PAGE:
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Smart LED lighting help cities reduce energy usage & carbon emission

Smart LED lighting help cities reduce energy usage & carbon emission

By BizLED Bureau

July 25, 2017: A new report by Philips Lighting and the World Council on City Data (WCCD) discloses how cities worldwide can reduce energy consumption and carbon emissions substantially by using smart LED street lighting systems.

Philips Lighting has underlined the need for high-calibre data to understand the value of LED lighting systems. The company has, therefore, partnered with WCCD to address this need in cities around the world.

Also Read: Smart LED streetlights to reach 73 million installed units by 2026

The report presents the experience of the two WCCD Foundation Cities–Los Angeles and Buenos Aires–that have implemented major programs to change street lighting to high-efficiency LEDs as well as adopting the CityTouch smart system to manage their lighting networks. These types of solutions have immediate positive impacts that combine significant energy cost savings, reduced carbon emissions, improved system reliability, and reduced maintenance workload.

According to the new report, ‘The Citywide Benefits of Smart & Connected Public Lighting’, Los Angeles has achieved energy savings of 63% in 2016 by installing smart LED lighting systems. The city could save US$ 9 million and also reduced annual greenhouse gas emissions associated with public lighting by 47,000 metric ton.

Also Read: New firms emerging to make smart LED lighting solutions with IoT

Similarly, by adopting smart LED street lighting systems, cities worldwide can also reduce their annual emissions and cut down on electricity expenditure.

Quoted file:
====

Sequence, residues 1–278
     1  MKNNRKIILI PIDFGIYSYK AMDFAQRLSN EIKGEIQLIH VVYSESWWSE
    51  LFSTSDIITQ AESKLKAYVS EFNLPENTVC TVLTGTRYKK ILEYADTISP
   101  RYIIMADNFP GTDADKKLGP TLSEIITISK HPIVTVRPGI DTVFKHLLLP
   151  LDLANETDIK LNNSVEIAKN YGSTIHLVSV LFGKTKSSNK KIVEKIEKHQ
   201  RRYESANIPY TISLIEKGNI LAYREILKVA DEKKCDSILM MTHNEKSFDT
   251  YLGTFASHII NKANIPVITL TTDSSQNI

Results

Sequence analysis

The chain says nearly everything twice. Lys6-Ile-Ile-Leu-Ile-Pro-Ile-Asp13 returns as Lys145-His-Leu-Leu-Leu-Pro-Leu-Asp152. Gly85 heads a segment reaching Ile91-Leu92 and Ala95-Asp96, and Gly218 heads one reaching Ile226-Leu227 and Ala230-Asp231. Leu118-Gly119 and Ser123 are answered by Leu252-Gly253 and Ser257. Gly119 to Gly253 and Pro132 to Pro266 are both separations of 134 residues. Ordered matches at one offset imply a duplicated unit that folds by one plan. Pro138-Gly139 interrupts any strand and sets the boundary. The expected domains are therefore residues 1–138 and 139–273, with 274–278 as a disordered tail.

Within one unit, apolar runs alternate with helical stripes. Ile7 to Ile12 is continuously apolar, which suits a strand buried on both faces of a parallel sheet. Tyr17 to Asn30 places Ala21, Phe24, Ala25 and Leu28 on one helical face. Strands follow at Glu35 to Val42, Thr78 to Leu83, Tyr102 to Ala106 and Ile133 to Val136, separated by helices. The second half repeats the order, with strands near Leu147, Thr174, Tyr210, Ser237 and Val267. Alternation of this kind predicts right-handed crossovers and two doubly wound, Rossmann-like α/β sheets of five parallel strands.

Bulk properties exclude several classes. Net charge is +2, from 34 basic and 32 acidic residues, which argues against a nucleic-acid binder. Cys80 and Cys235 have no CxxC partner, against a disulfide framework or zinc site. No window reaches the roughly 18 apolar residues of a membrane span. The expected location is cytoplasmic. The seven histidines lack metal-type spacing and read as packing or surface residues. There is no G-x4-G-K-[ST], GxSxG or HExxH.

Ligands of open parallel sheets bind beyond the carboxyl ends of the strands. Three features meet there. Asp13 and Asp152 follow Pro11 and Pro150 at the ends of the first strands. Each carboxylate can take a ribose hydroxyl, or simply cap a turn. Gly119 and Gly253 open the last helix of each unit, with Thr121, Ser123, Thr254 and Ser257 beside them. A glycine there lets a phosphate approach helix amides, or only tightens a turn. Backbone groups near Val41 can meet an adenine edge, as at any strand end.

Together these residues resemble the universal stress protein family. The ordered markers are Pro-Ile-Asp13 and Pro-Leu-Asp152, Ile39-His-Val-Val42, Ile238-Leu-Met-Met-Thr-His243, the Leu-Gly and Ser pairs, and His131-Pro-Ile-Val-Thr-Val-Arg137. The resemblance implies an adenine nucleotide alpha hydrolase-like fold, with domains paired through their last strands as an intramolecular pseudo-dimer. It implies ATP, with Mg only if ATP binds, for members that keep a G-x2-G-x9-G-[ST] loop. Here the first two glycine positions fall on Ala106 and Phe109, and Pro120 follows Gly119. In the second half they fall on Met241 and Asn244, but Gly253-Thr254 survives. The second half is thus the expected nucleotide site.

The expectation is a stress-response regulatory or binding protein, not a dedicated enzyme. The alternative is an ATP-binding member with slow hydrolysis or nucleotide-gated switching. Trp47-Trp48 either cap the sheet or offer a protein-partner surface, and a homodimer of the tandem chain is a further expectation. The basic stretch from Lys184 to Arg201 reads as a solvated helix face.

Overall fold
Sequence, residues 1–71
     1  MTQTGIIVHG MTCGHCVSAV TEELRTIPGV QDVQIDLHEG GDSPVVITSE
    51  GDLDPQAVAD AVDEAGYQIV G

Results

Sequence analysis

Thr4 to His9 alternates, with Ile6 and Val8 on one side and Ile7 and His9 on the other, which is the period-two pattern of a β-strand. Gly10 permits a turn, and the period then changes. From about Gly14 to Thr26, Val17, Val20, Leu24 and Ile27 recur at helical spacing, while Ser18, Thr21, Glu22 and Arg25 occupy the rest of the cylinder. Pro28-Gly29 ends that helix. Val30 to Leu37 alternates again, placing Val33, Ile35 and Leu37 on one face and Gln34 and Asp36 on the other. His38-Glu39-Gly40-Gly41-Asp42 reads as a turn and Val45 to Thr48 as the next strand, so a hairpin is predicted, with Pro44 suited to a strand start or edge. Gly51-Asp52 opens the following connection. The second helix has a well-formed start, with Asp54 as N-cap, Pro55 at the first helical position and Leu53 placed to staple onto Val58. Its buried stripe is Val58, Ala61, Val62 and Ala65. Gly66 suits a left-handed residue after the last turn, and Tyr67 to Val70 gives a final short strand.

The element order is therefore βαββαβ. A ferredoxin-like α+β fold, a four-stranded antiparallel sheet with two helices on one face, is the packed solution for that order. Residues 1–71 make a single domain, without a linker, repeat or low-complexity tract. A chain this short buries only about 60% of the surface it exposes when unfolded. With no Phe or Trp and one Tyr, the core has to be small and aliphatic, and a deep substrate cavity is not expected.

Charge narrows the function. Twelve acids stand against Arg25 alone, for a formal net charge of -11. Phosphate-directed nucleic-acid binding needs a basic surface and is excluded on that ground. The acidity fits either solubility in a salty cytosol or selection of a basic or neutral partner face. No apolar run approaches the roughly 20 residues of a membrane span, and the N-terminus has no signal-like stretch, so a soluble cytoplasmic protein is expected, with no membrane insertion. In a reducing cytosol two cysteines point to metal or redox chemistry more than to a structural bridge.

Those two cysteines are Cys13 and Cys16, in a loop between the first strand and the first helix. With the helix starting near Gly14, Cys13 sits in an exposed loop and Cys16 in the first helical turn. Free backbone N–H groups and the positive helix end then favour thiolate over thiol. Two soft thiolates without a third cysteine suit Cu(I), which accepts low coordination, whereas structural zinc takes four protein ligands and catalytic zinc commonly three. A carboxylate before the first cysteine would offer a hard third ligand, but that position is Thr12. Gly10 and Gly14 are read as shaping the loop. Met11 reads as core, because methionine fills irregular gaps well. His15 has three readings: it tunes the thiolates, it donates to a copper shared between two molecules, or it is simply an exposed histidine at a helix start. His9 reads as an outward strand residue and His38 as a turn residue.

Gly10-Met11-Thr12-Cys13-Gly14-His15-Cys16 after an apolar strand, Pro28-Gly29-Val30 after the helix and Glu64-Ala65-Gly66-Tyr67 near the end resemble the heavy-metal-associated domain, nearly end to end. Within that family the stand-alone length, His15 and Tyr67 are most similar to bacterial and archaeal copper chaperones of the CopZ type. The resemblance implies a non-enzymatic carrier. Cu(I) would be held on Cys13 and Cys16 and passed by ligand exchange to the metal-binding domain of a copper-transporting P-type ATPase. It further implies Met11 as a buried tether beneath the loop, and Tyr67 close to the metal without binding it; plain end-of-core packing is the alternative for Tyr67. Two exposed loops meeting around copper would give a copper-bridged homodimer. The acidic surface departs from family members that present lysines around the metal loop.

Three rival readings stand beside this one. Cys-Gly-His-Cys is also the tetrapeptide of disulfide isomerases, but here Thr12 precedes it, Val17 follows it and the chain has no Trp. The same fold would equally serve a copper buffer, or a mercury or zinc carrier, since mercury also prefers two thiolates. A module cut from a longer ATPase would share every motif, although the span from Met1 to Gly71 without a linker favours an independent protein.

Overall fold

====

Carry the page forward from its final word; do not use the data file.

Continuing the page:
According to the report, there are about 300 million streetlights across the world, and only about 10% are high-efficiency LEDs, and just 2% are connected. Combining high-efficiency lighting with connected system management can deliver energy savings of up to 80%.

Improved lighting can also generate a wider set of benefits at the city level, such as reduced crime rates, improved citizen perceptions of safety, improved traffic safety for all road users, and significant contributions to city attractiveness and economic vitality. Los Angeles witnessed a 10.5% drop in crime rates for offences such as vehicle theft, burglary and vandalism in the first two years of its LED conversion program.

Quantifying many of these significant positive impacts from improved lighting at the city level is possible through WCCD ISO 37120 data. ISO 37120 defines a comprehensive set of 100 standardized indicators that enables any city, of any size, to assess their performance and measure progress over time and also draw comparative lessons from other cities.

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